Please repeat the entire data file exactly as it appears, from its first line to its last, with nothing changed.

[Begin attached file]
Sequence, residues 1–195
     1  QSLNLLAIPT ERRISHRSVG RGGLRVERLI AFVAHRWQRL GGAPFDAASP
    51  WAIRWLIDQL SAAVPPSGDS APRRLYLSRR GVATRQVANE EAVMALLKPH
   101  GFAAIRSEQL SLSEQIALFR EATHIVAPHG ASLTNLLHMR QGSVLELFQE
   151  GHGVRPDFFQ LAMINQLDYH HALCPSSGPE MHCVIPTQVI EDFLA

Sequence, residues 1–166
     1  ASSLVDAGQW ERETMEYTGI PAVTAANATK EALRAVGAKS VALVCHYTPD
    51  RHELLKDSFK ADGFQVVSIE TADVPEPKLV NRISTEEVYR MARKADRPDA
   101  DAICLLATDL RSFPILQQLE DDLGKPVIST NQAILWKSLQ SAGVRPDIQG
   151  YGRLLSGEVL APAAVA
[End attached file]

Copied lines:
Sequence, residues 1–195
     1  QSLNLLAIPT ERRISHRSVG RGGLRVERLI AFVAHRWQRL GGAPFDAASP
    51  WAIRWLIDQL SAAVPPSGDS APRRLYLSRR GVATRQVANE EAVMALLKPH
   101  GFAAIRSEQL SLSEQIALFR EATHIVAPHG ASLTNLLHMR QGSVLELFQE
   151  GHGVRPDFFQ LAMINQLDYH HALCPSSGPE MHCVIPTQVI EDFLA

Sequence, residues 1–166
     1  ASSLVDAGQW ERETMEYTGI PAVTAANATK EALRAVGAKS VALVCHYTPD
    51  RHELLKDSFK ADGFQVVSIE TADVPEPKLV NRISTEEVYR MARKADRPDA
   101  DAICLLATDL RSFPILQQLE DDLGKPVIST NQAILWKSLQ SAGVRPDIQG
   151  YGRLLSGEVL APAAVA